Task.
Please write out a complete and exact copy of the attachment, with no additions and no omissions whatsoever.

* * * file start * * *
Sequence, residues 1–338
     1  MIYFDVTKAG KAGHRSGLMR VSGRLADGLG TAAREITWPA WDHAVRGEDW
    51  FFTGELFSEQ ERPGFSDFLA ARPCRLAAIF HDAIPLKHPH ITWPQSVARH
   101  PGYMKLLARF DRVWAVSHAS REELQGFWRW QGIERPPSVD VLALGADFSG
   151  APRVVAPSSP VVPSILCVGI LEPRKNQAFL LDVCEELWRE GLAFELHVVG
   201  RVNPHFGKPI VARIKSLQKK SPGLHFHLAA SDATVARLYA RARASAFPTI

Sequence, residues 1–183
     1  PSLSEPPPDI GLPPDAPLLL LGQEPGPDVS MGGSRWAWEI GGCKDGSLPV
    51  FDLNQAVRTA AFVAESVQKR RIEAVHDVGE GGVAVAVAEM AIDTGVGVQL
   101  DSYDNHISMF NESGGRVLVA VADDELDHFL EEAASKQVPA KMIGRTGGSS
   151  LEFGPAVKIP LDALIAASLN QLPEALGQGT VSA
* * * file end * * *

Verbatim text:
Sequence, residues 1–338
     1  MIYFDVTKAG KAGHRSGLMR VSGRLADGLG TAAREITWPA WDHAVRGEDW
    51  FFTGELFSEQ ERPGFSDFLA ARPCRLAAIF HDAIPLKHPH ITWPQSVARH
   101  PGYMKLLARF DRVWAVSHAS REELQGFWRW QGIERPPSVD VLALGADFSG
   151  APRVVAPSSP VVPSILCVGI LEPRKNQAFL LDVCEELWRE GLAFELHVVG
   201  RVNPHFGKPI VARIKSLQKK SPGLHFHLAA SDATVARLYA RARASAFPTI

Sequence, residues 1–183
     1  PSLSEPPPDI GLPPDAPLLL LGQEPGPDVS MGGSRWAWEI GGCKDGSLPV
    51  FDLNQAVRTA AFVAESVQKR RIEAVHDVGE GGVAVAVAEM AIDTGVGVQL
   101  DSYDNHISMF NESGGRVLVA VADDELDHFL EEAASKQVPA KMIGRTGGSS
   151  LEFGPAVKIP LDALIAASLN QLPEALGQGT VSA